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Original article
peer-reviewed

Optic Nerve Sheath Diameter Assessment in Patients with Intracranial Pressure Monitoring



Abstract

Background

Optic nerve sheath diameter (ONSD) has been found to have good correlation with intracranial pressure (ICP) measurements. Here, we aim to determine if the correlation between ONSD and ICP persists throughout the acute phase of neurologic injury through the evaluation of patients with ICP monitoring. We also aim to determine if the ONSD assessments at different depths (3, 6, or 9 mm) and a ratio of the ONSD and eyeball transverse diameter (ETD) are better correlated with ICP than the well-studied ONSD assessment at 3 mm beyond the globe. 

Methods

This retrospective study included 68 patients more than 18 years of age with ICP monitors with both traumatic and spontaneous intracranial injuries. Head computed tomography (CT) scans were reviewed by a radiology resident for assessment of the ETD and ONSD at depths of 3, 6 and 9 mm beyond the globe, and the readings were confirmed by a neuroradiologist. The mean ICP recordings two hours before and after a CT scan were used for assessing the correlation.

Results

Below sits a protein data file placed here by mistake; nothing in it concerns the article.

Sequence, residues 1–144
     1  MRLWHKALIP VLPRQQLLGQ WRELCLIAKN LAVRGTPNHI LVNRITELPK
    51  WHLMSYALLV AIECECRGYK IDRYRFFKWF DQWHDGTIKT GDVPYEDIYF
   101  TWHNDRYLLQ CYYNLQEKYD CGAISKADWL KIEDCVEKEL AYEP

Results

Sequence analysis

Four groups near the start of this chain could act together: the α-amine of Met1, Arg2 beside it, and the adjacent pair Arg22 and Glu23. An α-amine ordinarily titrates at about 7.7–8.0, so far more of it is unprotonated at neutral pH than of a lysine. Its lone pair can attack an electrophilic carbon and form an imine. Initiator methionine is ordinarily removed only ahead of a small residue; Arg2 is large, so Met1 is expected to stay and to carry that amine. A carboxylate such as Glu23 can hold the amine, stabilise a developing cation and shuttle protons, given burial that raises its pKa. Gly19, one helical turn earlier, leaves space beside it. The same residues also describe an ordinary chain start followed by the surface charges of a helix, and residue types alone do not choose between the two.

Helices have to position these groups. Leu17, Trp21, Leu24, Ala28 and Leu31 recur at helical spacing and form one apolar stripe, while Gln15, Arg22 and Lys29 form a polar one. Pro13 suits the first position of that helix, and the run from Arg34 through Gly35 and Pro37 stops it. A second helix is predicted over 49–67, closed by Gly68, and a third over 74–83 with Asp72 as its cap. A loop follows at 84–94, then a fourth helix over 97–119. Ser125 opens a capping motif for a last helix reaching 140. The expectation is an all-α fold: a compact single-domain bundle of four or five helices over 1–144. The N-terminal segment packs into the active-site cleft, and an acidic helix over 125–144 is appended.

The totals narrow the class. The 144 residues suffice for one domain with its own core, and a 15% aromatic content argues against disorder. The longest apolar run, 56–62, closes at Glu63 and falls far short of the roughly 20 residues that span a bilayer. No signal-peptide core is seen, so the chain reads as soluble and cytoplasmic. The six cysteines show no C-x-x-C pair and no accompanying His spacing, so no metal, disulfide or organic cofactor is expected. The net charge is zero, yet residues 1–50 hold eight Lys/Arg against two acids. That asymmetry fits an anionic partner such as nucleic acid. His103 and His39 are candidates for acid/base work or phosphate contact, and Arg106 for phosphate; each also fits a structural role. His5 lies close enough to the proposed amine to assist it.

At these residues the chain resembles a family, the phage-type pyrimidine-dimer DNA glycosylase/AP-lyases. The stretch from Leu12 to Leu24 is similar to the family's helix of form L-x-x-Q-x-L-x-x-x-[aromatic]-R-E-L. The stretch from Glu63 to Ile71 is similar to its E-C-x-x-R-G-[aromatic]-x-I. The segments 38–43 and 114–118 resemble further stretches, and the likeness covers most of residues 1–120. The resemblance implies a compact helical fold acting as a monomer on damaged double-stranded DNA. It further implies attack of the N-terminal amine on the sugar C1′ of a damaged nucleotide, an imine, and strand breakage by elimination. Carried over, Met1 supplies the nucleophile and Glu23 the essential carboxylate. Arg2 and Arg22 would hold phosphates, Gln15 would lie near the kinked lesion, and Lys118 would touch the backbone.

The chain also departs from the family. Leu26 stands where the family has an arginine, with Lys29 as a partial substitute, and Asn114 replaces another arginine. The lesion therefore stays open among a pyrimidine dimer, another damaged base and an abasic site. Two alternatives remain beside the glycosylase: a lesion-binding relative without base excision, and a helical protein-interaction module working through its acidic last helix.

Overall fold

We found that ONSD expansions during the acute phase of neurologic injury were seen even without ICP elevations. This lack of correlation persisted even when different depths of the ONSD assessment or ONSD/ETD ratios were studied.

Conclusion

This study suggests that ONSD assessment throughout the acute phase may not be a reliable method to monitor ICP. ONSD expansion can persist even after ICP control, and this may be the reason for ONSD expansions seen in our study even with normal ICPs. Further larger size studies are needed to confirm these findings.

Introduction

Optic nerve sheath diameter (ONSD) assessment has been shown in multiple studies to have good correlation with intracranial pressure (ICP) [1-6]. It is one of the few modalities for non-invasive assessment of ICP. The optic nerve is surrounded by cerebrospinal fluid and ensheathed by all three meningeal layers (dura, arachnoid, and pia mater), and thus intracranial pressure changes can be reflected through changes in ONSD. Non-invasive ICP assessment offers advantages over invasive means, such as an external ventricular drain or intraparenchymal pressure monitor, by reducing risks, such as hemorrhage and infection.

Both sonographic and radiologic assessments of ONSD have been studied. Multiple studies which include case reports, case series, retrospective studies, prospective studies, and meta-analysis have demonstrated the association of ONSD with ICP [1-7]. There have been very few studies showing a lack of this association. Recent reports have looked at assessing ONSD at a depth of greater than 3 millimeters (mm) beyond the globe and assessing a ratio of ONSD to eyeball transverse diameter (ETD) to account for differences in the size of the eyeball in patients [6, 8].